15. Foot binding

Humans have always displayed a keen sense of style. It is in this vein that Five Dynasties and Ten Kingdoms period in Imperial China (10th or 11th century) made foot-binding mandatory for all girls as a standard of beauty and elegance. However, this weird practice came at a price. The girls had to endure a painful process that restricted the growth of feet. Luckily, the practice was outlawed in 1912. Girls and women would have still been running around in odd-looking feet.

14. Use of the spiked torture chair

Ever imagined sitting on a spike riddled iron chair for hours or days; the nightmarish experience was real for many that lived in the Middle Ages. The chairs came in different variants, but all served the same wicked purpose – causing untold pain and suffering. Condemned individuals had to contend with between 500 to 1,500 spikes. They punctured the back, buttocks, wrists and legs. The torturers ensured that victims could not escape by tying them, thus exacerbating the pain. Some variants came with holes that allowed the torturer to place hot coal underneath to cause burns.

13. Use of Mercury for medical purposes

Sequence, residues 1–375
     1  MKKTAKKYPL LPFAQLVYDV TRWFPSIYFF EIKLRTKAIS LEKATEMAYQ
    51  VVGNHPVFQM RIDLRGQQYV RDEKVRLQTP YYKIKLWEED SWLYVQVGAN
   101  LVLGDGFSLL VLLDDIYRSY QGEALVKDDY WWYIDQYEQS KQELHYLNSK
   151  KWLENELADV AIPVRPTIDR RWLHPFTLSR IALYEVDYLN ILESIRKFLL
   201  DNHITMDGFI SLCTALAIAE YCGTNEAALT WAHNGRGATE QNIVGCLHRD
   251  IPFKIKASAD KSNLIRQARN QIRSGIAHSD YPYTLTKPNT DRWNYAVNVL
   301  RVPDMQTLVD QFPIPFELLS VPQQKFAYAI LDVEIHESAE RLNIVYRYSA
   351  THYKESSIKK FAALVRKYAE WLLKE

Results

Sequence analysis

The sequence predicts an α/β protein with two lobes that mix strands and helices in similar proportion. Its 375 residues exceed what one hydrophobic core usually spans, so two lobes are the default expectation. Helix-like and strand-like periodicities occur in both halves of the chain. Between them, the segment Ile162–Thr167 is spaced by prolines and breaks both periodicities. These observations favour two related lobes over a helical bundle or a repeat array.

The clever folks who lived during the early sixteenth century CE identified mercury in its compound form as a pioneering medical discovery (2). Patients received a dose of the world's most dangerous elemental toxins to treat a variety of ailments, including syphilis. Mercury compounds like corrosive sublimate (HgCl2), mercury sulfide compounds (HgS) and calomel (Hg2Cl2) became hot commodities in Europe and Asia. This followed learned proclamations by a revered physician, alchemist, astrologer, botanist and general occultist – Paracelsus. The Swiss-German whose real name was Auroleus Phillipus Theostratus Bombastus von Hohenheim helped transform European and Asian pharmacopoeias. This is despite the liquid’s dreadful side effects, including psychotic reactions, delirium, heart and lung problems, coughing and chest pains. Paracelsus was certain that the dose makes the poison.